We don’t like to think about ourselves or our loved ones becoming disabled.  However, it is becoming increasingly likely that disability will directly touch our lives.  A good estate plan helps to prepare for disability.  It can maximize the value of your money spent on care, or ensure that you or your loved one can qualify for public assistance, while still preserving as much as possible for the family.  It can enable you to give a loved one a better quality of life, without interfering with the necessary assistance.  A good estate plan integrates smart financial planning, and makes the best use of long term care insurance and life insurance.

Did you know that statistically, 66% of us over the age of 65 require assistance with 6 or more daily functions for more than 30 days, either at home or in a facility?  Not all of these people will be unable to handle their affairs, but many will.  It is not just the elderly who are stricken with such problems.  Statistically, 40% of those receiving such long term care assistance are between the ages of 18 and 65.  (Many thanks to Jennifer Knott and Paul Keebler at NorthWestern Mutual for the statistics. )

When that day comes, you want your loved ones to be able to take care of you, or to be able to take care of your disabled loved one.  Proper planning ensures that the documents are there giving the authority to deal with everything from creditors to medical providers to mail carriers.  Proper estate planning may also help you get an affordable long term care insurance policy to assist with those costs.  Learn more about preparing for this eventuality by reading our booklet, Tying A Net.  This is a free information guide.  Please feel free to share it (please share it only as the complete document).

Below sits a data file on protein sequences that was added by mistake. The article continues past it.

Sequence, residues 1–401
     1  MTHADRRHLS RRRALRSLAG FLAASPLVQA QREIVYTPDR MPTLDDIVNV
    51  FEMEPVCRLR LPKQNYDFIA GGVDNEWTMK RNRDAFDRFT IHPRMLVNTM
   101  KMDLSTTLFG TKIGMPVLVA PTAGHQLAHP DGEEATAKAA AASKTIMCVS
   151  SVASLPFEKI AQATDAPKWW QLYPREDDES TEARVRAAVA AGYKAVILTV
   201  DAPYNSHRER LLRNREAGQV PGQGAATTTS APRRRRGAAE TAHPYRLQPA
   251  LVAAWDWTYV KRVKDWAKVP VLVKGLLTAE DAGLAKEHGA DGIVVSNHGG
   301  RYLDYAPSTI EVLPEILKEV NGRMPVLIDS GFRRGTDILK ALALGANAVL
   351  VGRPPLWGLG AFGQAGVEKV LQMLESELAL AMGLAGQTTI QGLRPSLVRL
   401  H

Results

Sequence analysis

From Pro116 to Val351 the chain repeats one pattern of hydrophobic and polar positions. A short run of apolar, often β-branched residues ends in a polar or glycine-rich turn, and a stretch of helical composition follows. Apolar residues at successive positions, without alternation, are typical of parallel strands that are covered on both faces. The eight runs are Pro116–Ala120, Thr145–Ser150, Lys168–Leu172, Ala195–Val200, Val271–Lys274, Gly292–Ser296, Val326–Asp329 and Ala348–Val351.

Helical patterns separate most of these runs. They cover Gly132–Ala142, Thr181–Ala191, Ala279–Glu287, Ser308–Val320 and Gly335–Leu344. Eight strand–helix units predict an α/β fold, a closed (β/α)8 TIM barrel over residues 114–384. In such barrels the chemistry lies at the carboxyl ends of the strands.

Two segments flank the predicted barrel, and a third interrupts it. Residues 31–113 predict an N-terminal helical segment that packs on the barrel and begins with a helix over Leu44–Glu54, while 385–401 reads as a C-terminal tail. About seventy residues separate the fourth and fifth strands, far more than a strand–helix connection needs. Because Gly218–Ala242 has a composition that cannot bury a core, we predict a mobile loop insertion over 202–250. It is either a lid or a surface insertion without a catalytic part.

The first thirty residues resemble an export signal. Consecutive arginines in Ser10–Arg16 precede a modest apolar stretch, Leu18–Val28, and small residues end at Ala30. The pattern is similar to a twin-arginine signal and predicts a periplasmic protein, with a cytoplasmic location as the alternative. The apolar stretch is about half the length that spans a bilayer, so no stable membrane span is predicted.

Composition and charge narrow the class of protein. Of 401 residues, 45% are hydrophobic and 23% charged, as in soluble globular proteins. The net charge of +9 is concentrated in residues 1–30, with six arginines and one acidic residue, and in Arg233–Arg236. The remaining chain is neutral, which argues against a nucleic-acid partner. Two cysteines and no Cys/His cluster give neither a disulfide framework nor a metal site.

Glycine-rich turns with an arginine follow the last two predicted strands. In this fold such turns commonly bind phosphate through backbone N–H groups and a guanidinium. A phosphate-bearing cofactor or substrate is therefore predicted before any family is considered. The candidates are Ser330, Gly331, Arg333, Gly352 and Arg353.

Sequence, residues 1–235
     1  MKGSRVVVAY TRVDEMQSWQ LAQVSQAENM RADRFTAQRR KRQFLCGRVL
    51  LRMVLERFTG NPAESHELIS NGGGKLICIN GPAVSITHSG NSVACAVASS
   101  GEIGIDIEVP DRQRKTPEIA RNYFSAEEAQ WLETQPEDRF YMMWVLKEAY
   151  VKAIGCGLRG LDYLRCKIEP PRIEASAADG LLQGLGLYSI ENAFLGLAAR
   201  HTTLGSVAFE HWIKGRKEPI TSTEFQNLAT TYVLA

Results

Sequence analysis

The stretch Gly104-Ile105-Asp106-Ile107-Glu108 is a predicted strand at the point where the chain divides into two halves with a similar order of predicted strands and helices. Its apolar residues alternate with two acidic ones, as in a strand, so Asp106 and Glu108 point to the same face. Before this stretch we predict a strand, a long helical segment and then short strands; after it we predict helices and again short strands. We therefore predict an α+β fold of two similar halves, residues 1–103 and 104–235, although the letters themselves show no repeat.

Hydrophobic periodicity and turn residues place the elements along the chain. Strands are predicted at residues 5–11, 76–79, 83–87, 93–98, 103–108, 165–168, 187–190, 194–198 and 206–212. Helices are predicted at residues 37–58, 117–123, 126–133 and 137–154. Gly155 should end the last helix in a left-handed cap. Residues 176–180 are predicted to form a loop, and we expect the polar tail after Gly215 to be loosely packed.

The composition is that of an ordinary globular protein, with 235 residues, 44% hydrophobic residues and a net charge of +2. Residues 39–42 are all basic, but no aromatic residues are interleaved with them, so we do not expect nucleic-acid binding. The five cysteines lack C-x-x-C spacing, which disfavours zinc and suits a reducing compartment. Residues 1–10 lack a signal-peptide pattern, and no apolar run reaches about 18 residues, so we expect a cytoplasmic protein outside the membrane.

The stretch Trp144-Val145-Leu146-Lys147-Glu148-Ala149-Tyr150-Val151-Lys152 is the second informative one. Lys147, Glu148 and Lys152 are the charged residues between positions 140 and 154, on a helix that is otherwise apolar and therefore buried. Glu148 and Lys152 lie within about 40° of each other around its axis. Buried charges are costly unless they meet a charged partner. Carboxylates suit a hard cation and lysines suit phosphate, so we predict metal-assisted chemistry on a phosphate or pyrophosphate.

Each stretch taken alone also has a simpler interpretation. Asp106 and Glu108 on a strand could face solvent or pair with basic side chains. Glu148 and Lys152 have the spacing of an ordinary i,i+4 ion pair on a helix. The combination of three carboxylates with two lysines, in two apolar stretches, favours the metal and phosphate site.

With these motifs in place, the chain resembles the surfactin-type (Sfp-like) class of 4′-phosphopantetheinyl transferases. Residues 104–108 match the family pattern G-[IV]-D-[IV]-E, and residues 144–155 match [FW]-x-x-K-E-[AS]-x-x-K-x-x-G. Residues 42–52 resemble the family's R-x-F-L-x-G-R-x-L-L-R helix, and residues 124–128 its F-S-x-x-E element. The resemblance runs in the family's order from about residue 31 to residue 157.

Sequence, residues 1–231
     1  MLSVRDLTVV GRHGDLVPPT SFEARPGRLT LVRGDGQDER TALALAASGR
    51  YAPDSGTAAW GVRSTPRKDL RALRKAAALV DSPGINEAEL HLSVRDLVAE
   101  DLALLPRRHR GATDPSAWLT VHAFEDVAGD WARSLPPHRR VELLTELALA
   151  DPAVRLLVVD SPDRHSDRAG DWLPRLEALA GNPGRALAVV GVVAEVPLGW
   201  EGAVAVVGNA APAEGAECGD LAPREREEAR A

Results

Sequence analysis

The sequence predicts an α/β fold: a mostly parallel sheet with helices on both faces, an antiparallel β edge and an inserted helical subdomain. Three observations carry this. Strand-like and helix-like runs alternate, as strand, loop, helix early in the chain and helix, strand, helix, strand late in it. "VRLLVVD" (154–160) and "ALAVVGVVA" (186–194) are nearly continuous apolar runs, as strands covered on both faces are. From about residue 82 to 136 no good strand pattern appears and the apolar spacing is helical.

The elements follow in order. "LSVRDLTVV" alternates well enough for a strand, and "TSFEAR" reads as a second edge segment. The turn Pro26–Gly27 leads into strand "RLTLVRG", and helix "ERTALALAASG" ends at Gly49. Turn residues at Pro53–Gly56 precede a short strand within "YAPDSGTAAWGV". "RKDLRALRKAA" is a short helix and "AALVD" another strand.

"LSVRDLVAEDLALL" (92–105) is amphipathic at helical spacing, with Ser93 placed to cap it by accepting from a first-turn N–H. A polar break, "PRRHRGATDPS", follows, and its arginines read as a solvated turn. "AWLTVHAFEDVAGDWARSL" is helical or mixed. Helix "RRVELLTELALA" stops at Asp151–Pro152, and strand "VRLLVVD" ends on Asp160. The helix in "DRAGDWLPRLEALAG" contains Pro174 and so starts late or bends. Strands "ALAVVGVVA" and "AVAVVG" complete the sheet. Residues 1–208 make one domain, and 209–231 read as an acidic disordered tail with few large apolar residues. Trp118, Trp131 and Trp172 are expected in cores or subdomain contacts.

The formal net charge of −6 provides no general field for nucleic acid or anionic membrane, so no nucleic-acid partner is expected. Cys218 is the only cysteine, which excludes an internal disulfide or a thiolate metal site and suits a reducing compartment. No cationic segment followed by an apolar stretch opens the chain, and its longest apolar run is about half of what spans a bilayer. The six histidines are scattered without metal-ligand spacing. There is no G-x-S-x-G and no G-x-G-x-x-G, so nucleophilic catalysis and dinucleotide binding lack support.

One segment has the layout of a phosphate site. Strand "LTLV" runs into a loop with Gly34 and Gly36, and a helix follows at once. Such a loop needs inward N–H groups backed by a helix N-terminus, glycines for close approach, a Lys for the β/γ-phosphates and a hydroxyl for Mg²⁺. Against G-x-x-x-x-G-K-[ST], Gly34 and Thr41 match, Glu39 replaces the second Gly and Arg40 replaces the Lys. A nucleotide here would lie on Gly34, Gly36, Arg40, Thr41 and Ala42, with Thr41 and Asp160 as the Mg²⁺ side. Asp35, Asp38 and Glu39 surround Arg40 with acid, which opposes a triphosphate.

So what happens when this day comes unexpectedly and no plans have been laid?  Yes, you can still take care of your loved one.  You will need to do a Guardianship proceeding and/or a Conservatorship proceeding in the Court.  A Guardianship proceeding gives you authority over the individual and his/her care; you can say where they live, what treatment they receive, where they can spend their time, etc.  A Conservatorship proceeding gives you authority over the finances; you can say how the money is spent, when the bills are paid, whether to invest, whether to sell the house or car, etc.

We can help you in each of these situations.  These are difficult things to think about, but by planning for the worst, you can make it easier and give yourself more time to focus on what you really want: spending more time with your loved one.

For information on upcoming seminars on this topic, please see our Noteworthy page.